It’s the year the world went into quarantine in response to Covid-19, the year we watched the United States violently ripped into two sides in a presidential race, and the year we finally paid attention to racial injustices. After the murders of George Floyd, Ahmaud Aubrey, and Breonna Taylor, America turned to face the ugly head of police brutality and systemic racism. The people responded by taking to the streets in some of the largest protests America has seen since the Civil Rights Movement in the 60s. They also rescinded with a desire to learn more about the experiences of people of color and to hear the voices that were continuously erased or drowned out.

One of the ways this happened was on TikTok, and this CNN article shows how much of an impact TikTok had on the Black Lives Matter movement. Black creators saw a massive increase of engagement with their content and gained thousands of followers. They provided resources, shared personal experiences, and provided real opportunities for people to learn, grow, and become more empathetic and loving people who are dedicated to removing their blind spots and being helpful allies.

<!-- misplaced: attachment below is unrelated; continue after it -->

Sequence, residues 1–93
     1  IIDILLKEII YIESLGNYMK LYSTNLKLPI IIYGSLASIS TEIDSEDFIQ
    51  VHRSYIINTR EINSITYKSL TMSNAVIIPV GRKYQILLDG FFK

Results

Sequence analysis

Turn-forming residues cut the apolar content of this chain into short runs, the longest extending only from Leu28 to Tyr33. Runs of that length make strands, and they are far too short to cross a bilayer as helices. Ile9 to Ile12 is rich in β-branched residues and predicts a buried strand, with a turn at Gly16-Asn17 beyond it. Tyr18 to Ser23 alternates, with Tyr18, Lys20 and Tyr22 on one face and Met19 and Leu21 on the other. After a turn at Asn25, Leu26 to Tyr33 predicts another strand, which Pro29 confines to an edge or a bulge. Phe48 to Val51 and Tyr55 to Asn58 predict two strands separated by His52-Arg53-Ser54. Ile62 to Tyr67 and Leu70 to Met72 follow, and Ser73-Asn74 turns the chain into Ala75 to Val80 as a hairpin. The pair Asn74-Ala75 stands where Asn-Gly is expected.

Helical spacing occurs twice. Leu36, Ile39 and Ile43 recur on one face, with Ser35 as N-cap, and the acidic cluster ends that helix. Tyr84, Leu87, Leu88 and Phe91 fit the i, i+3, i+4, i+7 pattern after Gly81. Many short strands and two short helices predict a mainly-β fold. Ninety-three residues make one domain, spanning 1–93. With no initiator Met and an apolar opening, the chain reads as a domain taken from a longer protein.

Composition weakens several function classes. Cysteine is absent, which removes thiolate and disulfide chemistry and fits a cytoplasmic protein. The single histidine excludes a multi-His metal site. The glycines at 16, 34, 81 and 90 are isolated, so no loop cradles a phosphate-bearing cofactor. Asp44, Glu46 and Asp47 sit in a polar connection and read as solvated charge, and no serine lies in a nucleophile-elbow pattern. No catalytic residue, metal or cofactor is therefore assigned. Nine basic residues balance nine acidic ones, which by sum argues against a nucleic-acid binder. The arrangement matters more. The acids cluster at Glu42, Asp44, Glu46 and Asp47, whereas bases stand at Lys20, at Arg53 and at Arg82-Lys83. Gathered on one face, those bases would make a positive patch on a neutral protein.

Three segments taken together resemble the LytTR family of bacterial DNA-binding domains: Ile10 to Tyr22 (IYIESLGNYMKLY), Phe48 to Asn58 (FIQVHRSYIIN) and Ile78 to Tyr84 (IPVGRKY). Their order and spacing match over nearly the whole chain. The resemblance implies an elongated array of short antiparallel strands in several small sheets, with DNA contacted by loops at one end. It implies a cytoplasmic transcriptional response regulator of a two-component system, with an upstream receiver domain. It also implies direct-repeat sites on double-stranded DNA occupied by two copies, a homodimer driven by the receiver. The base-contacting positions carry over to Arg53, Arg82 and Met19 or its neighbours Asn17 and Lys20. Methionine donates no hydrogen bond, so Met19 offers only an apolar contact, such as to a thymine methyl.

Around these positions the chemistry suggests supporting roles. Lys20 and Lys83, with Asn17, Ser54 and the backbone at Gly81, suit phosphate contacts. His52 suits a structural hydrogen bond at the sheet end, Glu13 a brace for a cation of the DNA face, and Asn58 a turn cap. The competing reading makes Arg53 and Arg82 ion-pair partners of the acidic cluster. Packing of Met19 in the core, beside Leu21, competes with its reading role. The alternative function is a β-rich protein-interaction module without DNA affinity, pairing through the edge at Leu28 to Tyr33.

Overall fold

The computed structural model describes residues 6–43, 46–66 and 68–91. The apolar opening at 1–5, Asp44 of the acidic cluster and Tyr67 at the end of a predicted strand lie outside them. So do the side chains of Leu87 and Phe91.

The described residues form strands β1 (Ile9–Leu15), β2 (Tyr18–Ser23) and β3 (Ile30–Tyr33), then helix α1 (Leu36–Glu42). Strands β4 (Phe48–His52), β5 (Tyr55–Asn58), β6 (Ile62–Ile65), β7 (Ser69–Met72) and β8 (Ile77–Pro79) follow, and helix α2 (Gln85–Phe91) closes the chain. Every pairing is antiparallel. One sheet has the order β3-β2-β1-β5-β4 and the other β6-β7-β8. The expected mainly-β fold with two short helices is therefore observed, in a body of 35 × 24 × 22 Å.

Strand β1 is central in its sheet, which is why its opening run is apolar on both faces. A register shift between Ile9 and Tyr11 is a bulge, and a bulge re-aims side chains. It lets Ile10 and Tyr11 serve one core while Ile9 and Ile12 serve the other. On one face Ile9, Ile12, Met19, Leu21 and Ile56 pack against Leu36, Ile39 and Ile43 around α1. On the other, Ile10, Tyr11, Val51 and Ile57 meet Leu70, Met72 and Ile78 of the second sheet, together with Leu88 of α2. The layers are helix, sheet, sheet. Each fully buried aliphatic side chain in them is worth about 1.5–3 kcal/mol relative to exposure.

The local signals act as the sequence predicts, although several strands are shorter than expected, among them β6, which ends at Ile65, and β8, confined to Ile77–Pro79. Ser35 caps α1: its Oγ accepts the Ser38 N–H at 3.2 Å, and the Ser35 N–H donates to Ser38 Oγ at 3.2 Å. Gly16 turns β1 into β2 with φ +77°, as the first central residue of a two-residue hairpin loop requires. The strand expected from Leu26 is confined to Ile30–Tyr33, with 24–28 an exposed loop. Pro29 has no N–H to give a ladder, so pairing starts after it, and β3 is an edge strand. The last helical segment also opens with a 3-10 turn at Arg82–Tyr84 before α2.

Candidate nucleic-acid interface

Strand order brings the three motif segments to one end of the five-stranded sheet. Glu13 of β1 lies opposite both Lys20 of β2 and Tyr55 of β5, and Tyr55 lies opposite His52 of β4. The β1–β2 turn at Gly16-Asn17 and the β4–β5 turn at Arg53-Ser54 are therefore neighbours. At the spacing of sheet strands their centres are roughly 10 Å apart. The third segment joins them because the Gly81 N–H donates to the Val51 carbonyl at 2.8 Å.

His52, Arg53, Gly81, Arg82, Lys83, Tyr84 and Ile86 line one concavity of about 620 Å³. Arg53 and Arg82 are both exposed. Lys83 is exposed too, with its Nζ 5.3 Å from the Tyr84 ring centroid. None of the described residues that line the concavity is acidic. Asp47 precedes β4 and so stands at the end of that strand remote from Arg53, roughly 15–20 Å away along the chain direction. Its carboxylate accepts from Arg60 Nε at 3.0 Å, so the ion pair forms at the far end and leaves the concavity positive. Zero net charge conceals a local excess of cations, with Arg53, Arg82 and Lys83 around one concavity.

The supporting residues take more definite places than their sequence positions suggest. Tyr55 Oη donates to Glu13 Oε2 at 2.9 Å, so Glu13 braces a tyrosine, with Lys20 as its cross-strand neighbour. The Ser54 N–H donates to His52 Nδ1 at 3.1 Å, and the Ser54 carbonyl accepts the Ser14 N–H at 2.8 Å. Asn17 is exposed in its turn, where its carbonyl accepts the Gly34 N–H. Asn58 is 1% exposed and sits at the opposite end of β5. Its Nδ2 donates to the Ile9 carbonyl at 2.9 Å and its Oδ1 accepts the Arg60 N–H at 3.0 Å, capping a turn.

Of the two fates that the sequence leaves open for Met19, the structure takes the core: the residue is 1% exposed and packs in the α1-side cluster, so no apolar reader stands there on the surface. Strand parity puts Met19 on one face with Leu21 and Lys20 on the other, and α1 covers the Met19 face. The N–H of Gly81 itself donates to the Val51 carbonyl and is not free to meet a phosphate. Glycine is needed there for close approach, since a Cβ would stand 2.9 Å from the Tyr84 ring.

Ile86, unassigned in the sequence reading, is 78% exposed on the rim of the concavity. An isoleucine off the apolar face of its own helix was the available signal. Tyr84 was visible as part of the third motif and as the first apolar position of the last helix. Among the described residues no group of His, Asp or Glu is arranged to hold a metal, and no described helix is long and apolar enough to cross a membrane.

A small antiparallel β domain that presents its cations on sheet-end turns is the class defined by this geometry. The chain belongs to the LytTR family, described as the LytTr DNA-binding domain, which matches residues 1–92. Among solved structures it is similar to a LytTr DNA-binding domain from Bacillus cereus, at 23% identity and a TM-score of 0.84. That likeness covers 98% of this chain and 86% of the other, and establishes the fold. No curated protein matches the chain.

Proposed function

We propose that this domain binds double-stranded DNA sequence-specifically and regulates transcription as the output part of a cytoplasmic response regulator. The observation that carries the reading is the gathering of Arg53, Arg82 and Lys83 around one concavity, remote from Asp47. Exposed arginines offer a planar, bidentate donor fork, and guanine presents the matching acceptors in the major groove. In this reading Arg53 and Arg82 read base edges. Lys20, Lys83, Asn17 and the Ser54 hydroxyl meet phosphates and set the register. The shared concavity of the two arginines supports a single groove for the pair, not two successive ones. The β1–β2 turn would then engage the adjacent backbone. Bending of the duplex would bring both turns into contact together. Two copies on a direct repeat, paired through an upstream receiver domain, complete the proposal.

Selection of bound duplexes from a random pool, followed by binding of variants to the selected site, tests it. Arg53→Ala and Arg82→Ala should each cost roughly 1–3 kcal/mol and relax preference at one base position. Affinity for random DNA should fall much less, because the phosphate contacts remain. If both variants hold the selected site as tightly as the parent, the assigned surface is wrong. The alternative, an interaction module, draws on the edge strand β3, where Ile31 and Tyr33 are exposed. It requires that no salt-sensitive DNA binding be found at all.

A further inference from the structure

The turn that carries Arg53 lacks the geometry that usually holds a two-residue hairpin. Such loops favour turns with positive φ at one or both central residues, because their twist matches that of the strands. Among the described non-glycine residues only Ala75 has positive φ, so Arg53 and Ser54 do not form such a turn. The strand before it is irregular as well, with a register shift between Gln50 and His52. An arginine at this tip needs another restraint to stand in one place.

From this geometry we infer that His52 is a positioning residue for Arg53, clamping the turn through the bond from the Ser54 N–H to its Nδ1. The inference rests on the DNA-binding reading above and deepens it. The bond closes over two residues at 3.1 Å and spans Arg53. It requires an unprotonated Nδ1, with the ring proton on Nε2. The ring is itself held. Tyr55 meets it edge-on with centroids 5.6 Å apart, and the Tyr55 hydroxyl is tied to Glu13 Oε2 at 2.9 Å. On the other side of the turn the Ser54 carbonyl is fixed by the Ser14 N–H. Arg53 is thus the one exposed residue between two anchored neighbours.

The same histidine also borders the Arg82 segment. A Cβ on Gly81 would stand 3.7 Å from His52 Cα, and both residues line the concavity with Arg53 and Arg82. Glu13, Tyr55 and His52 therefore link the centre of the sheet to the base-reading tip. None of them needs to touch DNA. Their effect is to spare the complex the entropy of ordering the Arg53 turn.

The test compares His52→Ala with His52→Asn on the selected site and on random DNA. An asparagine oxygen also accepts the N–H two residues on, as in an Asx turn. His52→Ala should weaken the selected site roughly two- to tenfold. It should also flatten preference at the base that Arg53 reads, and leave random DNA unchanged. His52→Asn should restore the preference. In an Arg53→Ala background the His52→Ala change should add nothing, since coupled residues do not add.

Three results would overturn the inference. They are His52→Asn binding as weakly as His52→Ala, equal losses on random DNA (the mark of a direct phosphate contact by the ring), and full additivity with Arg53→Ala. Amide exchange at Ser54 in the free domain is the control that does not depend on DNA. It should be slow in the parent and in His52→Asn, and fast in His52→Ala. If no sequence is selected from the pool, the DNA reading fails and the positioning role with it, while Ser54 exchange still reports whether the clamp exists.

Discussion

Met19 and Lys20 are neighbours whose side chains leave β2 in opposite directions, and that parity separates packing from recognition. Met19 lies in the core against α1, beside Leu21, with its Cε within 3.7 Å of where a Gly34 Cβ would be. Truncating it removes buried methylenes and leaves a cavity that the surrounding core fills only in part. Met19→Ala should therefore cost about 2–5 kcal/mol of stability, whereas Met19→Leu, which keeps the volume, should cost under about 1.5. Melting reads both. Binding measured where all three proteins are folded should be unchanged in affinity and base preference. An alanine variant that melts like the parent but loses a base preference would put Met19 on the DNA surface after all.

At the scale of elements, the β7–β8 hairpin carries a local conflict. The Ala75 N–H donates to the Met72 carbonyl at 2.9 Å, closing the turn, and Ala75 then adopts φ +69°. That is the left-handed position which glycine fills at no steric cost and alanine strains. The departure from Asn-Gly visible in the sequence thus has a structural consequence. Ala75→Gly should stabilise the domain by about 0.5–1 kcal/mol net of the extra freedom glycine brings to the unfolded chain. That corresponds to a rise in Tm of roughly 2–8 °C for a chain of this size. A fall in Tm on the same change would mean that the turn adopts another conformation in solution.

Some creators organized protests locally and would share the information on TikTok, or attend protests and video their experience. These are the videos that started to be taken down on TikTok. And these are the creators who first started to get shadow-banned by the app. Despite seeing huge increases in follower engagement in the summer, it seemed as autumn came the cause was dropped by many people. But this is not entirely the case. People who followed some of these creators would comment and say that they had not seen any of their videos in weeks, despite constantly liking and commenting on previous videos. 

Since then, the problem has spread like a disease across several communities, linked by marginalization. Now, Anishinaabe creators who protested the development of Line 3, an oil pipeline that violated treaties and destroyed the local environment, saw a similar occurrence, as well as gay and lesbian creators whose videos are literally silenced when they talk about hate crimes and transgender people who demand justice for the murders of black transgender women

Don’t believe me yet? Lets take a look at some real people’s experiences on TikTok.